In the interest of learning more about the dampers I use in my coilovers I built my own pneumatic shock dyno during the winter of 2015, and began testing shocks. The data below has all been generated on that dyno. All of the optimal damping curves are based on the formulas found here: http://www.optimumg.com/docs/Springs%26Dampers_Tech_Tip_4.pdf using a damping ratio of .65 and a high/low split point of 3 in/s.
Additional details and details and discussion of these plots can be found here on the MR2oc.com forum.
Koni 8611 Double Adjustable Race Insert
Optimal curves for this plot are based on the front of an MR2 (about 500lb sprung weight) with 400lb springs.
The baseline curve is with both compression and rebound set to full soft.
1 and 2 turns rebound are, as you would guess, that many turns stiffer in rebound. Notice that the compression damping curves are barely visible, they overlay on the baseline curve so well. VERY little cross talk on the adjusters!
1 turn rebound #2 was when I went backwards from 2 turns down to 1 turn. As you can see, it overlays very closely on the original 1 turn graph.
2 and 4 clicks bump are, again as you would guess, that many clicks increased. There are 11 clicks (12 steps) total in bump, although I cannot imagine using more than 2 or three of them. 2 clicks would be about optimal for an 800lb front spring! Again notice that the rebound graphs for these two overlay almost perfectly with the original baseline rebound graph.
These results would suggest that, on an MR2, the minimum spring rate for which the 8611 dampers would be optimally matched is about 400lb/in. However, with sway bars taken into consideration a little bit less spring rate could be appropriate.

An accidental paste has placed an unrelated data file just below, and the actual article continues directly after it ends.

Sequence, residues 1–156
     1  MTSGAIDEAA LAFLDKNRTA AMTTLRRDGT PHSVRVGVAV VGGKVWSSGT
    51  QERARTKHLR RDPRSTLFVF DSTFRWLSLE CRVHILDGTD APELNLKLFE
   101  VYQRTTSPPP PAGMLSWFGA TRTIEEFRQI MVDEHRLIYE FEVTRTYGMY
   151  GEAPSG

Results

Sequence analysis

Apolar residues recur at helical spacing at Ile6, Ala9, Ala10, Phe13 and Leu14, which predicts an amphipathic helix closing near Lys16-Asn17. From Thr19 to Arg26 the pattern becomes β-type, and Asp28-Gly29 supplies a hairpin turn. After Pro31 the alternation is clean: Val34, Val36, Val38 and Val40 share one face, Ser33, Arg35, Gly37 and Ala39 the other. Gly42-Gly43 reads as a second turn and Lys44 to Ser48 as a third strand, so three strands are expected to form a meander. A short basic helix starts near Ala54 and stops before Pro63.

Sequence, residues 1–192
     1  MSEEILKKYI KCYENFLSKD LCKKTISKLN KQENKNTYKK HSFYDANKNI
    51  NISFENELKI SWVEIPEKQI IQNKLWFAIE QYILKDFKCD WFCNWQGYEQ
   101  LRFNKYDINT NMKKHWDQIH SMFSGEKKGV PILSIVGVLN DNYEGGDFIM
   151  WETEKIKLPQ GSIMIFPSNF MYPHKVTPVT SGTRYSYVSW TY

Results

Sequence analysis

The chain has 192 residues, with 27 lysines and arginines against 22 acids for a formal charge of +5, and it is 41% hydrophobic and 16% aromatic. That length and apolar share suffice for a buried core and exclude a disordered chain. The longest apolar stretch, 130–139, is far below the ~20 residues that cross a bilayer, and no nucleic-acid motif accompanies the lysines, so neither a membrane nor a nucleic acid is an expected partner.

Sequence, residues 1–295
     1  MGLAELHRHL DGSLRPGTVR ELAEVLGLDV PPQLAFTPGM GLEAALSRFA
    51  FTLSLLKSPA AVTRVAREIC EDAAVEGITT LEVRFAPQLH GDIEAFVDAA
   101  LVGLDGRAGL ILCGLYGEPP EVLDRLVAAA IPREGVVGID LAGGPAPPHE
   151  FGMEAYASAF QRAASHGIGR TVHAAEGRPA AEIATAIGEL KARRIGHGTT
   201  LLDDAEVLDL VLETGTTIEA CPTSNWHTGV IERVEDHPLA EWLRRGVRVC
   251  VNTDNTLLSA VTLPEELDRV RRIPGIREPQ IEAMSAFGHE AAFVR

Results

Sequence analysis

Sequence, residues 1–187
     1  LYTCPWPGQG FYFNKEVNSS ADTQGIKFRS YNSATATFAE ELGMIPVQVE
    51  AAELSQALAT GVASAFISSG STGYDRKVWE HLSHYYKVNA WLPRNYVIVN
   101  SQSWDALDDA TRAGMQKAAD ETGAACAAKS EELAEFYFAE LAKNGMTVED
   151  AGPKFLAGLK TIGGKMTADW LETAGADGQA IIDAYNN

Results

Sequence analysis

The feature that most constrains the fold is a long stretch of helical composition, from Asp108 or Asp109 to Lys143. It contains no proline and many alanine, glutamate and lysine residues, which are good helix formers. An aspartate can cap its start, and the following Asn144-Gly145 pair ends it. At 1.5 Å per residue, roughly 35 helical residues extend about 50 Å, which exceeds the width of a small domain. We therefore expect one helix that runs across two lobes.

This graph shows a four 8611 inserts plotted together at different adjustment settings. Full soft, 1 turn rebound / 2 clicks bump (1R,2B), and 2 turns rebound / 4 clicks bump (2R,4B). At 2 turns rebound there is a notable difference in rebound force between the -1257's and the -1259's, but each pair matches quite well. I don't know if this random luck, or if there is actually some small valving difference between the two part numbers. At softer settings all four shocks match up reasonably well.
Koni 8610 Single Adjustable Race Inserts
This graph is based on the averaged data collected from a set of four 8610 Race inserts (2x -1436, and 2x -1437). The optimal curves are again for the front of an MR2 with 400lb springs. On the rebound side the 8610 seems to be very similar to the 8611. In compression they show a less digressive damping curve than the 8611's, with low speed damping being a little softer than the softest setting on the 8611, and higher speeds being about equal to a setting of 3 clicks.
This graph shows four 8610 shocks, each at full soft and at 1.5 turns rebound all plotted together to show shock to shock variations.
Koni Sport "Yellow" Shocks
The standard Koni Yellow inserts for the MKII MR2.
Optimal curves for the front strut are for the front of an MR2 with 300lb springs.
As with the Race, there is very little cross talk from the rebound adjuster into compression. Also, subsequent tests at the same settings produced results nearly identical to the first test. The adjusters are very consistent, just like the Race shocks.
These results would suggest that, on an MR2, the maximum front spring rate that the Koni Yellow shocks can handle without becoming significantly under damped in rebound is about 400lb, less if you consider the additional spring rate contributed by the sway bar in some situations.
Optimal curves are for the rear of an MR2 with 400lb springs.
This suggests that the max spring rate for the rear with Koni Yellows is about 500lb before they start to become under damped in compression. In rebound they should be able to handle a bit more than that.
Comparison of two rear struts at various damping levels.
Download the spreadsheets below to see different spring rates and damping ratios match up with the adjustments on your shocks.